Strategic Management • Process of specifying an organisation’s objectives, developing policies and plans to achieve these objectives and allocating resources so as to implement the plans. • Recognizes that formulation and implementation of strategies are related parts of the same process and that operational manages should be involved in the whole process. • Highest level of managerial activity provides overall direction to the whole enterprise.
Corporate Strategy • To put the organization into a position to carry out its mission effectively and efficiently. • Good corporate strategy should integrate an organisation’s goals, policies and action sequences (tactics) into a cohesive whole and must be based on business realities.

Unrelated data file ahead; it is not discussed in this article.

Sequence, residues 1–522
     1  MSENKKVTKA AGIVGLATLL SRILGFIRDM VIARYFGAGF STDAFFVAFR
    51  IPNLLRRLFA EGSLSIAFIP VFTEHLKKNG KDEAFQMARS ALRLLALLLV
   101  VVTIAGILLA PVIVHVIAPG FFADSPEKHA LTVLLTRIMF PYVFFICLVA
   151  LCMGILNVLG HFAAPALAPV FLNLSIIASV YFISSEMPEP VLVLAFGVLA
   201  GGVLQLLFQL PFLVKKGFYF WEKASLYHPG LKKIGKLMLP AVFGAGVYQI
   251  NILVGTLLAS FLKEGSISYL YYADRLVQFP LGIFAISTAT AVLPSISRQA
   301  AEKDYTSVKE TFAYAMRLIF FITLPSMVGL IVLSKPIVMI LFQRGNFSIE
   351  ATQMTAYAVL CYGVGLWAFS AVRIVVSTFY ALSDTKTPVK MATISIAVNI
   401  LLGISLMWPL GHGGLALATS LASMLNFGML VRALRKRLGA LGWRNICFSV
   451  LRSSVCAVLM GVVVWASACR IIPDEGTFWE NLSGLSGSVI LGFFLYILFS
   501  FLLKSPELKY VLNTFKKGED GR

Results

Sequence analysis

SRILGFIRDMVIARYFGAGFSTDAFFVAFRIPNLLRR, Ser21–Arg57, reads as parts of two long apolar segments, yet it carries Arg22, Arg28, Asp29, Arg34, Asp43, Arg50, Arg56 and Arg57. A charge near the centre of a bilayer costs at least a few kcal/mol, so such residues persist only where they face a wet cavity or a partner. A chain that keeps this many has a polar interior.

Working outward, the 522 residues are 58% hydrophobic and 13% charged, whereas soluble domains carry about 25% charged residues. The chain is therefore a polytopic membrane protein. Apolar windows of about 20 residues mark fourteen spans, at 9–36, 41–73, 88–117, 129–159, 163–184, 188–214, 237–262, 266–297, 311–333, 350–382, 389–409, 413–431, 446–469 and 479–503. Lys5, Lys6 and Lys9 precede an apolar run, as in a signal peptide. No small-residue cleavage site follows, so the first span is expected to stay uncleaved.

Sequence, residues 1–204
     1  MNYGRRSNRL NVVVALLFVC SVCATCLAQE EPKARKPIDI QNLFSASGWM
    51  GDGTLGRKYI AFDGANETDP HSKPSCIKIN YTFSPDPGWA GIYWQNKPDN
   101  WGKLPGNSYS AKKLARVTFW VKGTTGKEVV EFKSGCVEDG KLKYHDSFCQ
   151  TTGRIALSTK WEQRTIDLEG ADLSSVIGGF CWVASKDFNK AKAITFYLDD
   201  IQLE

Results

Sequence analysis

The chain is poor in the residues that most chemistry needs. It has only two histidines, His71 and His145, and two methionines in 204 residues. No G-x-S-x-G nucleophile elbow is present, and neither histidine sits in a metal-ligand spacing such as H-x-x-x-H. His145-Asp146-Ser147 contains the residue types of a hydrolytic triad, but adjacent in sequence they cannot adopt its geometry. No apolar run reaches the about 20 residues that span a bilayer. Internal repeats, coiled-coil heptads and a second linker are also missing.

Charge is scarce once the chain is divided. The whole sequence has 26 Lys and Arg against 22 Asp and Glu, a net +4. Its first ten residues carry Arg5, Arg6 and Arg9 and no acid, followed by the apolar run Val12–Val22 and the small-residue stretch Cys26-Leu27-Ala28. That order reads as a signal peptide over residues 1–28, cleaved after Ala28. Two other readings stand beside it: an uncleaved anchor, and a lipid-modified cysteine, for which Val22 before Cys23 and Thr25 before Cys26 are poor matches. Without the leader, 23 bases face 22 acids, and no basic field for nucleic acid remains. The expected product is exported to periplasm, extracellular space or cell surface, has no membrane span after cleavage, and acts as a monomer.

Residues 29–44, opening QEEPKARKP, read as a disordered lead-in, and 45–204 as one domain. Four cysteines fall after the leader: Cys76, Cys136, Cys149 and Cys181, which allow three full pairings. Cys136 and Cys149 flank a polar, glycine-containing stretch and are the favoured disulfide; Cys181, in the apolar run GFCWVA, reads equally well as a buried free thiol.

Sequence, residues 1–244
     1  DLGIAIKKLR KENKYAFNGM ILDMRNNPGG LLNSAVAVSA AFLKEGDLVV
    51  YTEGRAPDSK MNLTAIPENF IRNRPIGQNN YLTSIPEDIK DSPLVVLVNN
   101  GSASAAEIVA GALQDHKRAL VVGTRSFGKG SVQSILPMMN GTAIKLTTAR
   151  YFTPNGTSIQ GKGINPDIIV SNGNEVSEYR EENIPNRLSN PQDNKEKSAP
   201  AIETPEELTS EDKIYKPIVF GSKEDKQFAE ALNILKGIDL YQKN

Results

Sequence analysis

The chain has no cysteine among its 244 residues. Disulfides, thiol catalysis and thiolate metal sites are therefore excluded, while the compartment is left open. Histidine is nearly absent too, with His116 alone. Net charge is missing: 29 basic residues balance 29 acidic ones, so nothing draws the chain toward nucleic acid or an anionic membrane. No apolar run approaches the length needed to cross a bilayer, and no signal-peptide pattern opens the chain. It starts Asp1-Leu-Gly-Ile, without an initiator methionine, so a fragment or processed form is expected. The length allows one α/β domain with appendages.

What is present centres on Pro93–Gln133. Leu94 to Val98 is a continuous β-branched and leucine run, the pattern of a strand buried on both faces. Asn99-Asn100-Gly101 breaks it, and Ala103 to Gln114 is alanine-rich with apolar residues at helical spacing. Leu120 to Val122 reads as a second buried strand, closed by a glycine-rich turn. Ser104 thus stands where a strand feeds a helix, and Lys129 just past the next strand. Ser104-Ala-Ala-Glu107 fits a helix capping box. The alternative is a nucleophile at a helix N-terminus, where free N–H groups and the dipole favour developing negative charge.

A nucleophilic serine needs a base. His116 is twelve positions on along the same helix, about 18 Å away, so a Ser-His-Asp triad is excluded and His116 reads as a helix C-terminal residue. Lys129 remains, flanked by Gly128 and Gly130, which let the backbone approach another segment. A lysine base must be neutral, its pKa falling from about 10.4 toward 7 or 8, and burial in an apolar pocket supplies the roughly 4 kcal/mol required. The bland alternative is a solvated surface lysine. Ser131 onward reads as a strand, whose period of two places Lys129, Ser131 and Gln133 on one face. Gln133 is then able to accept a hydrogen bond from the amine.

Historical Perspective • 1950s and 1960s – strategy was seen largely as a deliberate process of analysis and long-term planning, controlled by the CEO. • Alfred Chandler (1962) and Igor Ansoff (1965) • “As organizations and their operating environment became more comples, strategy development became part of the organisation’s corporate planning function.” • 1983 – GE dismantled planning department of over 200 highly paid experts. John F Welch, GE Chairman, reported that planners were ‘too concerned with financial and operating details instead of competitive positions and the creation of future markets and too divorced from the day-to-day reality of line managers’. • 1970s and 1980s, Boston Consulting Group, advocated strategy as positioning the organization with the implementation of their very own BCG matrix - organizations can analyse their position in relation to their competitors and their industry, select which strategies would work best for their circumstances. • 1980s – Japanese were able to offer both lower cost and superior quality than their rivals – UK and US turned their attention to the internal resources of the organization: quality, continuous improvement and operational effectiveness. • 1990 – search for competitive advantage fuelled by rapid change – adaptable and innovative and able to spearhead change, not merely to respond to change. Emphasis on learning organization, core competencies, innovation, making alliances and partnerships and on global issues.